Religion's Effect on The Wanderer

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Religion's Effect on The Wanderer


“He who is alone often lives to find favor” (Wanderer), but is he searching needlessly? In short, “The Wanderer” is an Old English poem of a man who is exiled due to the loss of his liege lord. The man then finds himself traveling the sea in search of a new land in which he could remain. His travel is accompanied by a lament from his heart. His heart has little hope, and even that is overpowered by the lament for the land he had just been exiled from. Yet hope still manages to find a place in this sad tale, for this oral poem was made into a manuscript by the Christian Monks around the year of 975 (Wanderer). “The Wanderer” is among many of the oral traditions of the Anglo-Saxon period that have been put into print. Through this transition of being spoken to now being read, “The Wanderer” has lost and gained different components of its original form.

If one were to remove the words of the author, the poem would be left with only a “sense of the harshness of circumstance and the sadness of the human lot” (Encarta), which is the average focus of poems spoken at the time. However, with the author interjecting phrases as simple as “So the wise man spoke in his heart” (Wanderer), it lifts the appeal of true harshness. The author takes this man’s most abstract and uneasy thoughts and gives a simple explanation for them, and this leads the reader to not judge the wanderer- based on his morbid thoughts- as much. The author does not go as far as to create sympathy for the wanderer, just far enough to create an understanding of him. No person wants to be judged based on personal thoughts, for things expressed only within the mind are not meant to be observed by others. It could create a wrong impression of a person, and that is what the author is making sure does not happen.

There is an “elegiac note [that] finds it most eloquent expression in ‘The Wanderer’” (“Wanderer”). However, because of the clergies inserting an author, this great sense of elegy is slightly altered due to the fact: it is not completely a reflective essay anymore, but mostly because the melancholy tone is lightened by the author’s explanation, which are two key components of elegy. Granted, it is believed to be one of the best examples of elegy, but it must have been more so before it was put into manuscript.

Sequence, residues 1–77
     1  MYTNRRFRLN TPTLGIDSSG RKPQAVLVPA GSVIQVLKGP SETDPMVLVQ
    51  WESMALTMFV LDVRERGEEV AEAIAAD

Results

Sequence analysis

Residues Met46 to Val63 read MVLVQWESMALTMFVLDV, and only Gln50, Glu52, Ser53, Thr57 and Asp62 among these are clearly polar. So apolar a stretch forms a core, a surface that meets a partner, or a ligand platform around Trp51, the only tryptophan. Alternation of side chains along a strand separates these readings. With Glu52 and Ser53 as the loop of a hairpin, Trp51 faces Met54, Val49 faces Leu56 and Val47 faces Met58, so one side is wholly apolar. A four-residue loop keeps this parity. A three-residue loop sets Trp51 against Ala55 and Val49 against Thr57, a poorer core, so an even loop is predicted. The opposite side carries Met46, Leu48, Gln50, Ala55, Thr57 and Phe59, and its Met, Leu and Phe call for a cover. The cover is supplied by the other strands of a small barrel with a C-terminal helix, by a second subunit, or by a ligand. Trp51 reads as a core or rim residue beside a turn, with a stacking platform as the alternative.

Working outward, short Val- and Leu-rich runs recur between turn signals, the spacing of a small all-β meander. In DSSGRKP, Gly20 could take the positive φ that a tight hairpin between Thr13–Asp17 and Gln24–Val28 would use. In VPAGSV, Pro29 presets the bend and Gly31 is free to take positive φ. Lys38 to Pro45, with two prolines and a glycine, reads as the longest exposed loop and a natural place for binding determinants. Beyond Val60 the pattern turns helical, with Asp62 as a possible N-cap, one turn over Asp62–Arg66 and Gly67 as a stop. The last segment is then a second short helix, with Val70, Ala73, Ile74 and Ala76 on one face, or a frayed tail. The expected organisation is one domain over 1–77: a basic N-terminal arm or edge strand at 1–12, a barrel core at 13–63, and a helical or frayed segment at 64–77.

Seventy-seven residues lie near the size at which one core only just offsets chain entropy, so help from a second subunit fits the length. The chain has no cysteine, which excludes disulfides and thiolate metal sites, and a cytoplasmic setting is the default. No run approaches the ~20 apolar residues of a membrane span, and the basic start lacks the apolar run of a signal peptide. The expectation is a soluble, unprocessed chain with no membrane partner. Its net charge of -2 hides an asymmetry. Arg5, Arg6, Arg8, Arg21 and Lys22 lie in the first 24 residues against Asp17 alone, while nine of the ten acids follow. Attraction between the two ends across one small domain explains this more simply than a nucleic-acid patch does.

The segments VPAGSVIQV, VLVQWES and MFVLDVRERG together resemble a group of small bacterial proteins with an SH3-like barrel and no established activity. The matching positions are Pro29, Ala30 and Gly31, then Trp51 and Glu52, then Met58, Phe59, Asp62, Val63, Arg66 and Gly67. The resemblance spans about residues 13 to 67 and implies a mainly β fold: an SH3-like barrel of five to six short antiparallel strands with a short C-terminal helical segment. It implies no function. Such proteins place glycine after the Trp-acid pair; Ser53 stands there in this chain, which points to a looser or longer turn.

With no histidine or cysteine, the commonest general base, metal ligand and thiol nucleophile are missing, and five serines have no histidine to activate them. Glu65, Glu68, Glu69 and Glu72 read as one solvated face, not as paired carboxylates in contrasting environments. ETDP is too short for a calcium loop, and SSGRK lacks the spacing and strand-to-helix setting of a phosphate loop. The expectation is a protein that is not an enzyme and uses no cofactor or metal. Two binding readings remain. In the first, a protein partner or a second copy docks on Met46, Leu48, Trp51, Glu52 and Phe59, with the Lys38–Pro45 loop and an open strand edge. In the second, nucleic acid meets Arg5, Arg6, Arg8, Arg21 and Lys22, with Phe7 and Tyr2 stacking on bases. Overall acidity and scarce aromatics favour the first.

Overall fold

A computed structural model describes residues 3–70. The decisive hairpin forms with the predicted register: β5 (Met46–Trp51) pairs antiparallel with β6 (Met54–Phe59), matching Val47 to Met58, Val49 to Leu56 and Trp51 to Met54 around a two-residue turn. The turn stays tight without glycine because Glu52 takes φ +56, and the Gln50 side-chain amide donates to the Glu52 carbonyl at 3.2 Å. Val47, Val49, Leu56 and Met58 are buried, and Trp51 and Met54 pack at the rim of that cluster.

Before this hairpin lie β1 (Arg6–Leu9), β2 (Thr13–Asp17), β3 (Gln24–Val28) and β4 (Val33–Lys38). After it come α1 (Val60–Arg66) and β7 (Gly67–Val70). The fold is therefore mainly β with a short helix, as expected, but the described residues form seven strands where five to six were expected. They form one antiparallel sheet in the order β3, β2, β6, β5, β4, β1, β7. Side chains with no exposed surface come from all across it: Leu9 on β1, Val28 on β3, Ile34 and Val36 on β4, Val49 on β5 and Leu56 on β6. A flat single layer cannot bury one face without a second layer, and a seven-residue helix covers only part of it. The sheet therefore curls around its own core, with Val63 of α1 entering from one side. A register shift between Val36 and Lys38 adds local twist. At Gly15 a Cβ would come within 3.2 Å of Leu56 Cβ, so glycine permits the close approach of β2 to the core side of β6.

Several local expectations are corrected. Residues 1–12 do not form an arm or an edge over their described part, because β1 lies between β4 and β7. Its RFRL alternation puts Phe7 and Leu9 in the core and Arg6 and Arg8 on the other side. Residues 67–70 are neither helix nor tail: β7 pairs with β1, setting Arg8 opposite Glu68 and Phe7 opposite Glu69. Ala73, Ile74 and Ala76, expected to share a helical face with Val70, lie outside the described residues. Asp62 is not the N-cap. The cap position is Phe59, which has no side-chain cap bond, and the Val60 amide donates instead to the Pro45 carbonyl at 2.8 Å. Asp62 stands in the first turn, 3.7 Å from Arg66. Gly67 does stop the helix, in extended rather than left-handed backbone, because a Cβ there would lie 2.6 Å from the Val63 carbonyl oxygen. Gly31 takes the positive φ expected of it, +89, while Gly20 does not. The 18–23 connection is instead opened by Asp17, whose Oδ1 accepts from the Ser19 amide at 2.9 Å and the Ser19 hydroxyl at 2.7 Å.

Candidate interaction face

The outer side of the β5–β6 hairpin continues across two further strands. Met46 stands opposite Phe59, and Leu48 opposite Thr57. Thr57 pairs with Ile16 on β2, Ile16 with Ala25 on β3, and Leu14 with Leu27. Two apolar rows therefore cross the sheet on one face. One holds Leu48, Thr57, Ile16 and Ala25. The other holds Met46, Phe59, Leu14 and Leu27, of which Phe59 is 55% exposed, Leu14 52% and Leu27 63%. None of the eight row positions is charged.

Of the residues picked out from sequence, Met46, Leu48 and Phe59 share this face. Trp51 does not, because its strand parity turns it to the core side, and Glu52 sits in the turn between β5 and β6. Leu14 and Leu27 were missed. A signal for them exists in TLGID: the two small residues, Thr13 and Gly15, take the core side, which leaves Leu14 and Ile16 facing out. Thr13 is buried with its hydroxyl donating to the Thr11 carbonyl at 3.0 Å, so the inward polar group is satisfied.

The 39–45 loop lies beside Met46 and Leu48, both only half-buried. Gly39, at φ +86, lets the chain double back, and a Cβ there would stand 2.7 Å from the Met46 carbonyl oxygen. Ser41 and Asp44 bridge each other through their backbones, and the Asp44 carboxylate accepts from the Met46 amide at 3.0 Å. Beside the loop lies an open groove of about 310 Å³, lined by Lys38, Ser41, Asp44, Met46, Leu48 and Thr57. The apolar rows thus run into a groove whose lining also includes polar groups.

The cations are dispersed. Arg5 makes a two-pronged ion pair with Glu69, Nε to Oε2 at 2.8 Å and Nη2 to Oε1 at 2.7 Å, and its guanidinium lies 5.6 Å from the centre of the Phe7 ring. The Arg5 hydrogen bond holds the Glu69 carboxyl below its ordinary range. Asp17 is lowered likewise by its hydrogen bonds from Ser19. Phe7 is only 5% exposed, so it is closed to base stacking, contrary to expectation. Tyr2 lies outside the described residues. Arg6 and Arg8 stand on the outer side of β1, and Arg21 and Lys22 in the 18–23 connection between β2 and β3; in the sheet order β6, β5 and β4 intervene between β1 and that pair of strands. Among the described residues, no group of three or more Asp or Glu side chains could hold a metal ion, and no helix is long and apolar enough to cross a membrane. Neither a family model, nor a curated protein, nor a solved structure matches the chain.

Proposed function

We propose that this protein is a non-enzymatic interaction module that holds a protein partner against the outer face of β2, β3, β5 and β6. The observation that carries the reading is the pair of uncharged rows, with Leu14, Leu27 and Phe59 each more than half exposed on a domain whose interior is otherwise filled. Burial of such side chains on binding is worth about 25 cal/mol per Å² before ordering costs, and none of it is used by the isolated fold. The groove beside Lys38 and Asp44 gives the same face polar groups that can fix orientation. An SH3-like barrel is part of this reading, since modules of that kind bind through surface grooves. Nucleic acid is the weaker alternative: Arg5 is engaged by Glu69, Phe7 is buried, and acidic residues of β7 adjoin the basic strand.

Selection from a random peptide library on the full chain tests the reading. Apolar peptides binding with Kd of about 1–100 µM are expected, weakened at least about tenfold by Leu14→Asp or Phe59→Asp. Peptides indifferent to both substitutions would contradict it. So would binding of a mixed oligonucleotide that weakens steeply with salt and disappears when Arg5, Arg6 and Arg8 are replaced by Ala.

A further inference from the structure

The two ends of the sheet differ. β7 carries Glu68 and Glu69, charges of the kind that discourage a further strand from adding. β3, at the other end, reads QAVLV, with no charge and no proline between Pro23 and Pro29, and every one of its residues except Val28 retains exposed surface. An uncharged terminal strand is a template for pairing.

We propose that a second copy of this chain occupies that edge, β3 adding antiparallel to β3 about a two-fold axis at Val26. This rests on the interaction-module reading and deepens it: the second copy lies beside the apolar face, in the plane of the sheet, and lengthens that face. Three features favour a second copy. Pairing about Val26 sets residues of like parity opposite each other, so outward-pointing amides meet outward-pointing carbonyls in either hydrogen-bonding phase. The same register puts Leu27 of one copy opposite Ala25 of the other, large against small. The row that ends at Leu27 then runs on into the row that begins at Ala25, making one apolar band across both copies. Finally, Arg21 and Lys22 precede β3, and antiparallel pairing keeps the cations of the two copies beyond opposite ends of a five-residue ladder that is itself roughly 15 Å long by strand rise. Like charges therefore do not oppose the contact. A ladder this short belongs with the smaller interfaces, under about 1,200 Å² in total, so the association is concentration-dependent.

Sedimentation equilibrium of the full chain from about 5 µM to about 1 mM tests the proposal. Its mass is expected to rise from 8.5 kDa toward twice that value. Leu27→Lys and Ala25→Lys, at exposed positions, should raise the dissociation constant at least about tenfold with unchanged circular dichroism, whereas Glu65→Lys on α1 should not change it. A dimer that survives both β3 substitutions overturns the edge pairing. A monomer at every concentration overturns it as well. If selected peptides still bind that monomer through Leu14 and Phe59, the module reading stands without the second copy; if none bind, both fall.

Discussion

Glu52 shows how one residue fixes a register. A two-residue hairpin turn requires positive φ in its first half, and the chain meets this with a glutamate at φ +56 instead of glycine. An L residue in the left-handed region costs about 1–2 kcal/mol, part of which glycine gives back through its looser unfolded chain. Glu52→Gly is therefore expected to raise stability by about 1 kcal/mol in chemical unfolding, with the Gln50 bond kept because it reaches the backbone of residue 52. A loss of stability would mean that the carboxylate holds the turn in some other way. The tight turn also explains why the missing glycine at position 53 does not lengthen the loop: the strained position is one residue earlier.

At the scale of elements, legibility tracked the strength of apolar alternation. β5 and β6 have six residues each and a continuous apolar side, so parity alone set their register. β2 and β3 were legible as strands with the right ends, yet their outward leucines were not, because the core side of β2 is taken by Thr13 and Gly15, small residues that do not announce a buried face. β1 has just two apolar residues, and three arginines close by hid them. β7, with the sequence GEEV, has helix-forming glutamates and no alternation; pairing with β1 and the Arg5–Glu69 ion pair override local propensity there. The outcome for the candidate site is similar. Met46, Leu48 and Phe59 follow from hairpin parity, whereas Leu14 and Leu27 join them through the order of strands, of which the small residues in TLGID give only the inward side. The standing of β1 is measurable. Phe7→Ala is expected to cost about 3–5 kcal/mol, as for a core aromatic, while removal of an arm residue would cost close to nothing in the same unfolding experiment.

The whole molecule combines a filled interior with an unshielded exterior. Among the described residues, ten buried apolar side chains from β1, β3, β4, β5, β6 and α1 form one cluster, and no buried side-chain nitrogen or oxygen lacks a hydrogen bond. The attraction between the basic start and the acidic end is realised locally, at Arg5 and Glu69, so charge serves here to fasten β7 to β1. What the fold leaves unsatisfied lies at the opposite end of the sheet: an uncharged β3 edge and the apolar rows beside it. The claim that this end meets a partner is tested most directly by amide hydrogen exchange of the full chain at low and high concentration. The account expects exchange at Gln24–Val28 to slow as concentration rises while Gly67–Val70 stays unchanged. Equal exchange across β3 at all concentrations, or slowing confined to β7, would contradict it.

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The melancholy tone is almost depleted as the author states, “It will be well with him who seeks favor, comfort from the Father in heaven, where for us all stability resides” (Wanderer), which ends the poem. Melancholy surrounds the story because the tale of the wanderer truly is sad, however, with the ending the author provides, it sets the reader at ease knowing that he will not be filled with sadness for all eternity, there will be an end. The poem, before the author’s last paragraph, ends in a manner which leads the reader to believe that the wanderer has lost his home and is in search of something he will never find, another place to be happy. Yet, the author then resumes the poem in order to end it, and this end changes the meaning of the poem: from a man that will wander for eternity to a man that can rest assured an end will come, for heaven awaits him. It now ends with the circumstance that the wanderer does lose his home, and is searching for that which he cannot find on earth but will be granted we he reaches heaven, a home.

The Anglo-Saxon tale, “The Wanderer,” was influenced by the clergies, who put it into manuscript, through the means of the author in the poem. It has lost its sense of elegy and has gained a sense of Christianity. The ways in which the Anglo-Saxon tales have been altered differs from tale-to-tale, but in the case of “The Wanderer” the means was the author. It is still a great poem that reflects the lives of those who first conjured it, “where for us all stability resides” (Wanderer).


Works Cited

“English Literature.” Microsoft Encarta Encyclopedia 99. CD-ROM. Microsoft Corporation, 1993-1998.

“The Wanderer.” The Norton Anthology of English Literature. Seventh Edition. Volume 1. Ed. by M.H. Abrams, et al. W.W. Norton & Company, Inc., 2000. 100-102.

“Wanderer, The.” Microsoft Encarta Encyclopedia 99. CD-ROM. Microsoft Corporation, 1993-1998.


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